Belviq and Cancer: Can You Sue?

Belviq information

The diet drug Belviq was pulled from the shelves in early 2020 because of a new study showing multiple cancer risks. Read on to find out if you may be eligible for legal recourse after developing cancer following a Belviq regimen.

What is Belviq?

Belviq, also known as lorcaserin and which additionally comes in an extended-release form, was produced by the company Eisai Incorporated. Belviq is a drug prescribed for weight loss, and functions as an appetite suppressant by activating a particular serotonin receptor found in the brain’s hypothalamus.

After first being rejected by the FDA for a study that found tumors in rats that the drug was tested on, Belviq was approved in 2012 for some patients but classified as a schedule IV substance (controlled substance) due to some hallucinogenic side effects and possible dependency.   

Nevertheless, Belviq was found to have a particularly positive weight loss impact on patients with Type 2 diabetes, with nearly half of subjects losing at least five percent of their body weight while taking it. 

Side effects of Belviq (besides cancer!) include the following: 

  • Headache
  • Dry mouth
  • Constipation
  • Feeling nauseous 
  • Fatigue 
  • Back pain (for diabetes patients)
  • Coughing (for diabetes patients)

What the FDA Found

The Food and Drug Administration (FDA) released a statement on January 15, 2020, in which it announced findings linking the use of Belviq to multiple types of cancer. Shortly after, the FDA requested that Eisai Inc. voluntarily withdraw the drug from the market.

The FDA’s findings were based on a five-year study of Belviq users, which revealed over that period an increased risk of three types of cancers that patients developed after sustained use. Those cancers are lung, pancreatic, and colorectal. Lesser linked cancers included breast cancer and brain cancer.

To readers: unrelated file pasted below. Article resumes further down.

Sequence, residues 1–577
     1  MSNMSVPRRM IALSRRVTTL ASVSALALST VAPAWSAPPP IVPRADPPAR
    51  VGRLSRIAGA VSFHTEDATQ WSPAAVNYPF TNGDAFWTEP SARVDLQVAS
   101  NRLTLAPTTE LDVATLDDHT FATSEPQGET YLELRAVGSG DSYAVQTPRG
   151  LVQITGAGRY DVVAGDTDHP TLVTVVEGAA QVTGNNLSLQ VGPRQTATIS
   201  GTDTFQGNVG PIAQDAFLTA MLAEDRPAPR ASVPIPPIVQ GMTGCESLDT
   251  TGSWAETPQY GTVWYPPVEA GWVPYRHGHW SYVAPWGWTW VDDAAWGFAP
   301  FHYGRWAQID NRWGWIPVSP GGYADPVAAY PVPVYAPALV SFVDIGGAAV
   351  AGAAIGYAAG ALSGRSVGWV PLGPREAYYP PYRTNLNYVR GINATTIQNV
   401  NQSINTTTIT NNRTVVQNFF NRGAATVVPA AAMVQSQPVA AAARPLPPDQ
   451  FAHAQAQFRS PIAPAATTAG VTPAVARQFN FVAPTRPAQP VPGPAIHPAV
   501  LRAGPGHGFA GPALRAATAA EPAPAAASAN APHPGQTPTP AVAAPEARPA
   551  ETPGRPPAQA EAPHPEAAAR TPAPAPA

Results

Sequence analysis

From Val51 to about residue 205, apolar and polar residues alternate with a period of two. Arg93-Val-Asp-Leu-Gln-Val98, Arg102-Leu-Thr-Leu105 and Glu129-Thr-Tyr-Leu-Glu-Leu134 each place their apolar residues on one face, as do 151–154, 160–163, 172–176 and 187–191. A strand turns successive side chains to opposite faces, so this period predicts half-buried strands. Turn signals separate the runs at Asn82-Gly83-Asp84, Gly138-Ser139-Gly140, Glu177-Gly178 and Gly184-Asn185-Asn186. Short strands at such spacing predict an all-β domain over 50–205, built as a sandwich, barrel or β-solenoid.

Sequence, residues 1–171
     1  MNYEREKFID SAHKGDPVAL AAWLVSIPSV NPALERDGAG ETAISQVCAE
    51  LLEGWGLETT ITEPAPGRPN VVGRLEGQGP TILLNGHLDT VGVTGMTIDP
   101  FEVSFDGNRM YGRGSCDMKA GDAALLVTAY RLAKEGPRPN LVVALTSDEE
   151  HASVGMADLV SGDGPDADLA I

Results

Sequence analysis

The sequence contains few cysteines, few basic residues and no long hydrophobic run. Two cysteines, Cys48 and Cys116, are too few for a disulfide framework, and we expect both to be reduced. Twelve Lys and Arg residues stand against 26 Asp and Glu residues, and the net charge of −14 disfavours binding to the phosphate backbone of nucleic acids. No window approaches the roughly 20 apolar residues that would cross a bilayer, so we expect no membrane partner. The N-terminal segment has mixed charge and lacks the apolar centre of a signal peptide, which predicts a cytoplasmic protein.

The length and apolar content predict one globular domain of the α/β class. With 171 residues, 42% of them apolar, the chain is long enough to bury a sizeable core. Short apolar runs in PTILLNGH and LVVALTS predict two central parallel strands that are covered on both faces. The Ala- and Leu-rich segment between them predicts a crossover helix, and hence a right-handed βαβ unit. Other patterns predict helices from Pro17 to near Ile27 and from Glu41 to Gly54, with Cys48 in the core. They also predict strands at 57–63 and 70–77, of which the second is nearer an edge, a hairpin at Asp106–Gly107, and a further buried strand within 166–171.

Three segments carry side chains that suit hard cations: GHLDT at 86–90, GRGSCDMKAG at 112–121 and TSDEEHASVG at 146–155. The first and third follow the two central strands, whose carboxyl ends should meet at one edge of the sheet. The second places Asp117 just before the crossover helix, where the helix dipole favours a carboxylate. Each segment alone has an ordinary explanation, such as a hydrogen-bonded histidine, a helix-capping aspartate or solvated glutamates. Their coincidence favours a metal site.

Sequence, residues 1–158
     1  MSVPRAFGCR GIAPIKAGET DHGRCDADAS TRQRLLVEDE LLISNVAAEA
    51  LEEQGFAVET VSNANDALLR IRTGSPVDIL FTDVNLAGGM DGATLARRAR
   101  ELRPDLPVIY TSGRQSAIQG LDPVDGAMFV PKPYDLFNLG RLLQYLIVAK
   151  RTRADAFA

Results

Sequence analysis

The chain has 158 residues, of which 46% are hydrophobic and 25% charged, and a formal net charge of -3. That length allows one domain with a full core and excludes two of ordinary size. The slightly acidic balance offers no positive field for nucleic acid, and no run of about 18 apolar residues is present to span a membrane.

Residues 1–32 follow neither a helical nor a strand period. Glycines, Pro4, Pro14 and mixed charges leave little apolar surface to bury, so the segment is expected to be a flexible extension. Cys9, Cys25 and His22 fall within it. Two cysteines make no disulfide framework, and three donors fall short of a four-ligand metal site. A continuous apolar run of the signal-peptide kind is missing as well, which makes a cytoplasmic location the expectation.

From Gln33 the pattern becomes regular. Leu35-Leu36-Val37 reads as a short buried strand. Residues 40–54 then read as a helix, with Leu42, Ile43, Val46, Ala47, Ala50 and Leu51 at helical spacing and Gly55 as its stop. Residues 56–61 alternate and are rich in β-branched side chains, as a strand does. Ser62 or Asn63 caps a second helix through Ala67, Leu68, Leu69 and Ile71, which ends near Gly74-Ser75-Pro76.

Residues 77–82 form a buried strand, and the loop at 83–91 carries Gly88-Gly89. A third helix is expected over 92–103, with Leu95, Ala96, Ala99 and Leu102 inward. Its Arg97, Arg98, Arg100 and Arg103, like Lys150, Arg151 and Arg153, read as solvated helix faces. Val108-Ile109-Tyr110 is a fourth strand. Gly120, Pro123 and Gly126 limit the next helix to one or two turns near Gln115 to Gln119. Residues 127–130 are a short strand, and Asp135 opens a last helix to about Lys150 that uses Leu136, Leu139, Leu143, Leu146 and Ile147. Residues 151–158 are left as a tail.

If you still have Belviq medication in your home, you should dispose of it immediately. But don’t just throw the pill bottle in the trash. Don’t crush the pills either. Separate the pills from the bottle, and remove identifying information from the bottle label before throwing it away.

The FDA recommends mixing the pills (uncrushed!) with dirt, cat litter, or used coffee grounds and then putting that mixed garbage in a plastic bag. Seal it before throwing it out with the rest of the trash so that it doesn’t get consumed by animals or somehow enter the water supply. 

Is Weight Loss Medication Still Safe?

Just because Belviq has shown to cause a slightly increased cancer risk, this does not mean that all weight loss medications are going to cause cancer. It also doesn’t mean that Belviq necessarily causes cancer. 

In general, weight loss medication should be treated as a last resort after years of serious diet improvements and substantial daily exercise, which means 30 minutes a day of hard cardio. 

Do not go to your doctor and ask for prescription-level weight loss medication as this is not a recipe for success. Talk to your doctor about what else you can do, and only if they recommend weight-loss medicine should you consider it. Even with a doctor’s recommendation, discuss the risks with them, and decide if it is worth it. 

Lawsuits and Class Action Suits

A class-action lawsuit against Belviq was filed in New York in June, with more likely to come.

You may very well be eligible to join an existing class-action lawsuit against Belviq or file a suit on your own. The advantage of joining an existing class action is that your chance of success is significantly greater than going it alone. 

However, depending on your situation and after consulting with an attorney, you may instead opt to file suit yourself. In a lawsuit against Belviq’s manufacturer, your attorney will seek damages on your behalf, including medical expenses, lost wages, missed opportunities from treatment or illness, and pain and suffering. 

Read here to learn about the next steps in a Belviq case that you can take if you believe you have been affected by the drug.

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